WHAT to do with all those broken bits and pieces lying around the house.
The cracked ceramic vase, the wobbly wooden stool, the pot without a handle and those worn-out boots.
Do you throw them away or do they sit at the back of the cupboard?
From September 9, one Sunday a month, the Repair Cafe will be hosting workshops at Stackwood in Fremantle, with volunteer “repairers” fixing household items for free.
Co-organiser Joanna Blackley says they hope to reduce the amount of waste going to landfill by encouraging people to do their own repairs.
“We throw away so much, even items which have small defects and could easily be used again after a simple repair and this has serious ongoing consequences for our environment and future generations,” she says.
“Unfortunately, many people have forgotten that they can have things repaired, or maybe they don’t have the tools or repair skills required.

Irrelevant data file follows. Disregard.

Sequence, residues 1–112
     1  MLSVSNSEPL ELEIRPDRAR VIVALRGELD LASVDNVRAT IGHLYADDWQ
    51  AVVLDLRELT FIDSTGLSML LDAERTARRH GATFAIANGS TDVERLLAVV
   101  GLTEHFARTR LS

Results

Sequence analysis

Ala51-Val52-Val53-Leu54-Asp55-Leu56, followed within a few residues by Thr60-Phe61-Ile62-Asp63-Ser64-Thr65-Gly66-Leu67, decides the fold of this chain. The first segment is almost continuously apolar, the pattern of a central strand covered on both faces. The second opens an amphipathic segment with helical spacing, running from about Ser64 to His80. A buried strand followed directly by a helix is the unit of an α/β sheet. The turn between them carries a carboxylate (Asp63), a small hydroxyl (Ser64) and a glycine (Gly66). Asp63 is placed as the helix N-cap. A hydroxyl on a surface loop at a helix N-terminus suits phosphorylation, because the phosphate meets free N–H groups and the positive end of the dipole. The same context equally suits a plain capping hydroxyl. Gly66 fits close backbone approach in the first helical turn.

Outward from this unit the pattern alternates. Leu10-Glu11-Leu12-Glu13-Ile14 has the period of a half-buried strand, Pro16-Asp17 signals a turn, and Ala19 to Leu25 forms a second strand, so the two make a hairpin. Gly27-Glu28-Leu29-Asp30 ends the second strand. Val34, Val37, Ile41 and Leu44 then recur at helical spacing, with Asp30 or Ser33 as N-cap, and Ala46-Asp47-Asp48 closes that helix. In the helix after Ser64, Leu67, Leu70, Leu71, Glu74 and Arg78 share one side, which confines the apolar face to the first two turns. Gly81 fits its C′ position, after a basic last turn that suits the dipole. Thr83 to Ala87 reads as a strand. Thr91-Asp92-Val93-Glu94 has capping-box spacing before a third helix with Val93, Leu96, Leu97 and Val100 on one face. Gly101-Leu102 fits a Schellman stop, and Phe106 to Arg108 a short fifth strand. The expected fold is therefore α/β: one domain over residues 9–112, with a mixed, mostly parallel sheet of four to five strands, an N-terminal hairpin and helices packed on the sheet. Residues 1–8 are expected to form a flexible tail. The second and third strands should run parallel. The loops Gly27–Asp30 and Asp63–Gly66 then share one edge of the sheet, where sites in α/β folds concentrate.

“If someone repairs a bike, a saucepan handle, or a favourite dress, together with a volunteer repairer, the experience of a jointly made repair can lead to encouraging repair practices and a repair culture, whilst creating new community connections.”
She notes that repairs also save money and resources, and importantly help reduce CO2 emissions.
“But above all, Repair Cafe Fremantle wants to show how much fun repairing things can be, and how easy it can be,” Ms Blackley says.
The cafe is part of a global movement fostering a repair culture and reducing the amount of waste going to landfill.
To find out more go to the Repair Cafe Fremantle Facebook page, or email firstname.lastname@example.org
by MOLLY SCHMIDT